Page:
CHEMISTRY Chemical Bonds
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What is the Octet Rule?
- Atoms with 8 valence elecrons are stable (unreactive)
- *Atoms without this stable octet react so they end up with 8 valence electrons
What are chemical reactions?
- Rearrangements of atoms as they form stable octets and go toward lower energy states
- *Old bonds break, new bonds form
When do bond formations occur?
- When atoms or molecules collide
- *Involves valence electrons (D sublevel electrons in transition metals may also be involved
- *Is exothermic
What kind of reaction is breaking bonds?
- *Must replace energy given off when bond was formed
When is a reaction exothermic?
If the energy given off by forming new bonds is greater than the energy needed to break old bonds
When is a reaction endothermic?
If the energy needed to break old bonds is greater than the energy given off by forming new bonds
What is activation energy?
- The energy needed to get a reaction started
- *Used to break old bonds
- *Continuous for endothermic reactions, not continuous for exothermic
What is a chemical bond?
- A force of attraction between atoms due to opposite charges
- *Electrons may be transferred or shared
What is an ion?
An atom with the wrong number of electrons
What is a cation?
An atom losing electrons that is positively charged
What is an anion?
An atom gaining electrons that is negatively charged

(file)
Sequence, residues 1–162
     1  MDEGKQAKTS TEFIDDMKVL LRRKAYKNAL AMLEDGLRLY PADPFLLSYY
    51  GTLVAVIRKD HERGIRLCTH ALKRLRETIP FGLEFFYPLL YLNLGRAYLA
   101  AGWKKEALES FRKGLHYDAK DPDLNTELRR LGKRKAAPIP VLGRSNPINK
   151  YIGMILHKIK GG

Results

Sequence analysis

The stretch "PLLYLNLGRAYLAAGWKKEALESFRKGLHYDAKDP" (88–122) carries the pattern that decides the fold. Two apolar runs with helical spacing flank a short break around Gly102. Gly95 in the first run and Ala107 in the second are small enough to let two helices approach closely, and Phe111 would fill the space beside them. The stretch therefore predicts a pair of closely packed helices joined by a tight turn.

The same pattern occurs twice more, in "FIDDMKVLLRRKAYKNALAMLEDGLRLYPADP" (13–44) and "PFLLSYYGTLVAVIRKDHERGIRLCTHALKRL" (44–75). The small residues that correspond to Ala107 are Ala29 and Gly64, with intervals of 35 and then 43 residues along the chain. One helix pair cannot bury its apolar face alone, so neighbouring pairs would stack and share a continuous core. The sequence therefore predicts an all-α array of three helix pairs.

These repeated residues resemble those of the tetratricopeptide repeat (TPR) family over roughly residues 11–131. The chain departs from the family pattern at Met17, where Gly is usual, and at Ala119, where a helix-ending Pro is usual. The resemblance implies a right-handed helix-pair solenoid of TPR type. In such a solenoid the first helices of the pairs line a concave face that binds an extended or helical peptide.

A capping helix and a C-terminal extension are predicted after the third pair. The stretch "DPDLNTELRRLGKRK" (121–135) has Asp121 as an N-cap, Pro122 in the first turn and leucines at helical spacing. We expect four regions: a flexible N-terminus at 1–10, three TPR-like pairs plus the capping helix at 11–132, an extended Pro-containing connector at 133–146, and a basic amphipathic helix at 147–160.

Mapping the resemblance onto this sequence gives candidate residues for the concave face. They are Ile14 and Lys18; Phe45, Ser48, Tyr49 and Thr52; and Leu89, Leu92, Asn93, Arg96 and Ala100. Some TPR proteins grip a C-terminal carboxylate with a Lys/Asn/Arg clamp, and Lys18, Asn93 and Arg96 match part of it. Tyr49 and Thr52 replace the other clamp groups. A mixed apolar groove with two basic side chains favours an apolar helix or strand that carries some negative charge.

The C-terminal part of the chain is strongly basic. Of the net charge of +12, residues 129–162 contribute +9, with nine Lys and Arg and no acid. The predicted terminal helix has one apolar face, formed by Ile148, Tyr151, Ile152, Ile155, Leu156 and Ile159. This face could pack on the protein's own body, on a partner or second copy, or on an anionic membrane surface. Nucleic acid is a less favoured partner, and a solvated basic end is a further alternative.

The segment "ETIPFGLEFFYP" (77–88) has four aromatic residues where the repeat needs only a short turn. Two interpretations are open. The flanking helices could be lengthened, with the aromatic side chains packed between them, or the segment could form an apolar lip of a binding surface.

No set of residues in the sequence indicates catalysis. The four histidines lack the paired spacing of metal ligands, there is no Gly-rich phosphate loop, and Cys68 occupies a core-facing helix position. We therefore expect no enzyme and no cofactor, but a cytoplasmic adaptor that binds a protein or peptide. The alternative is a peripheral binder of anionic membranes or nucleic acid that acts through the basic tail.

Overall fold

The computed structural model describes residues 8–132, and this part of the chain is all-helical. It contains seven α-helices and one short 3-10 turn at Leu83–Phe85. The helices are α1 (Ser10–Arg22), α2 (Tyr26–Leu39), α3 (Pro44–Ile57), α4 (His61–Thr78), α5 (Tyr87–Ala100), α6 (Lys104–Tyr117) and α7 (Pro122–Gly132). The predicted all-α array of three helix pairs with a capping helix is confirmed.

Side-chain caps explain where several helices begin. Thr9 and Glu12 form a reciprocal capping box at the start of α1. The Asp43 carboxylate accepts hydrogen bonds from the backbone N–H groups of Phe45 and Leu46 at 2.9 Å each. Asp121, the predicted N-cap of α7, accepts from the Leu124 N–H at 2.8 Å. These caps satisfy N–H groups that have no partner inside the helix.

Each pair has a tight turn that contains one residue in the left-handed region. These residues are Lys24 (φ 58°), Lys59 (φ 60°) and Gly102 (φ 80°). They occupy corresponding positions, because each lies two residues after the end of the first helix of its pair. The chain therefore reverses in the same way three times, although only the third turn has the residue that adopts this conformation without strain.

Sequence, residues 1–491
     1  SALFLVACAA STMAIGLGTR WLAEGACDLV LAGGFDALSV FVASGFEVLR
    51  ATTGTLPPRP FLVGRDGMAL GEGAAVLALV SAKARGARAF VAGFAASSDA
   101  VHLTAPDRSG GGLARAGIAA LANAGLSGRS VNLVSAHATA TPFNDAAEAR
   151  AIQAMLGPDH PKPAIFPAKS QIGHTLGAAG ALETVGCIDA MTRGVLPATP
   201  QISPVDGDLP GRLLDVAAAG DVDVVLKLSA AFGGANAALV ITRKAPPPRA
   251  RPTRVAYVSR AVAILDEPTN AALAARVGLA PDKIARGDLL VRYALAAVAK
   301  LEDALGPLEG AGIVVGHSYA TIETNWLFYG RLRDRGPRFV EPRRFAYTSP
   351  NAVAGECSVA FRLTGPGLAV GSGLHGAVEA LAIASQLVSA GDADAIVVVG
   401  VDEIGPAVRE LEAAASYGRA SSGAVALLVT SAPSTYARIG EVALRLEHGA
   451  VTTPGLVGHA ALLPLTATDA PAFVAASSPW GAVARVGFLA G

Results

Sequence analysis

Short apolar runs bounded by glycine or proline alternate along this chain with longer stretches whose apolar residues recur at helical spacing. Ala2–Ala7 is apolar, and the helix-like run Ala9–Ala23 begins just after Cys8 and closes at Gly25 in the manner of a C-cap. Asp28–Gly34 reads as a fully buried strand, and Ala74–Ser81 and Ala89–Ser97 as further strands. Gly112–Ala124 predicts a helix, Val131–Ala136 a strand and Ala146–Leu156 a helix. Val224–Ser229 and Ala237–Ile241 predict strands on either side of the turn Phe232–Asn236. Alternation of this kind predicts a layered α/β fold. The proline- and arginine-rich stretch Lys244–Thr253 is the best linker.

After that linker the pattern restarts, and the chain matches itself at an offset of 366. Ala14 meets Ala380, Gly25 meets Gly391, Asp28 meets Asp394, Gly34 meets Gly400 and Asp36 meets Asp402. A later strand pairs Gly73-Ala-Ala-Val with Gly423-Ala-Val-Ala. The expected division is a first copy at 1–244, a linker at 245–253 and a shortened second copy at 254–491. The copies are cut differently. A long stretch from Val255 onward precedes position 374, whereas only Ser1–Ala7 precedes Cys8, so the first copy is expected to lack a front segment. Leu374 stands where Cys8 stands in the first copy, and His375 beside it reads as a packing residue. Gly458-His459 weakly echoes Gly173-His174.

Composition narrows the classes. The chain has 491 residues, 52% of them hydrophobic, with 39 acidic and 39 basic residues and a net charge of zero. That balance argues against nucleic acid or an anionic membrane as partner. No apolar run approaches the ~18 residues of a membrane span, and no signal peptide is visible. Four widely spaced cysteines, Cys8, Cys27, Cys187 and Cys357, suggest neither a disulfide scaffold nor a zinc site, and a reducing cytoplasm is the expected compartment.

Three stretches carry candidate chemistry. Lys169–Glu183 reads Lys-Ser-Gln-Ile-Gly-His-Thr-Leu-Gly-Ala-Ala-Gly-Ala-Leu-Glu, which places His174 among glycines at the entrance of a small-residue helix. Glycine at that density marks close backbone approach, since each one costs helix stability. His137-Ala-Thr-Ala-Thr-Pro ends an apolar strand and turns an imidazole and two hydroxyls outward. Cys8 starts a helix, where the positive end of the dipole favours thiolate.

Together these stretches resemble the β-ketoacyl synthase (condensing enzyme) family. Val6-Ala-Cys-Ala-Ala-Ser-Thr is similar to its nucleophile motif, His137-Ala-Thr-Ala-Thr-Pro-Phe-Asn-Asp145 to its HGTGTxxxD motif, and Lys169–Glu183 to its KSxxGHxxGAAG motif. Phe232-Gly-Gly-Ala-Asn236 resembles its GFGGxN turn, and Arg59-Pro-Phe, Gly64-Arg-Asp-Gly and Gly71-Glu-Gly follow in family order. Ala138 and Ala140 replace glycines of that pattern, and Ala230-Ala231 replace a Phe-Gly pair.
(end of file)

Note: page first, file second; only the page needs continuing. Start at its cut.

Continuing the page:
What is an ionic bond?
- A force of attraction due to the transfer of one or more valence electrons from one atom to another
- *Atoms attract due to opposite charges
What is the resulting compound of ionic bonds?
An ionic compound
An ionic compound is _______ (charge)
Arranged in regular repeating patterns called ______ which are not molecules
Have _____ bonds, causing them to be _____ at room temperature and to have high _____ point
Separate into _____ (dissociate) when dissolved in water
Aqueous solutions conduct ______
They are _____
- strong, brittle, melting
What is a covalent bond?
- A force of attraction due to sharing one or more pairs of valence electrons, with each atom contributing one electron in a pair
- *The electron pair jumps back and forth between atoms
- *Causes temporary charges that result in attraction
- *Makes covalent compounds
- *Can havedouble and triple bonds that are stronger than single bonds
Covalent compounds are also called _____ compounds
Has a _______ charge
Do not ______
Have weak intermolecular forces, causing them to be _____ at room temperature
Have ___ melting points
- gases or liquids
What is the rearrangement of orbitals in a valence shell into equal energy orbitals?
- *Allows a larger number of equal energy covalent bonds
- *Carbon is an example
What are large covalently bonded structures?
- Network solids
- *The number of bonds gives these a great strenght and very high melting point
- *Example: diamond
What is a molecule?
Two or more atoms Covalently bonded
What is a compound?
Two or more different atomschemically bonded
Molecule or Compound?
- Molecule and compound
- Not a molecule, but a compound
- A molecule, not a compound
What are two atoms of the same element covalently bonded?
What are the seven diatomic elements?
- H, N, O, F, Cl, Br, I
- *Written H2, N2 etc.
What are metallic bonds?
- A force of attraction caused by sharing loosely held valence electrons among many metal ions
- *This results in the special properties of luster, conductivity, malleability and ductility
- *Usually between like atoms in a piece of the element
- *Form alloys, not compounds
- *Mixtures show individual metallic properties
What is a bond formed between a metal and a nonmetal?
What is a bond formed between two nonmetals?
What is a bond formed between two metals?
What are the:
Phases at room temperature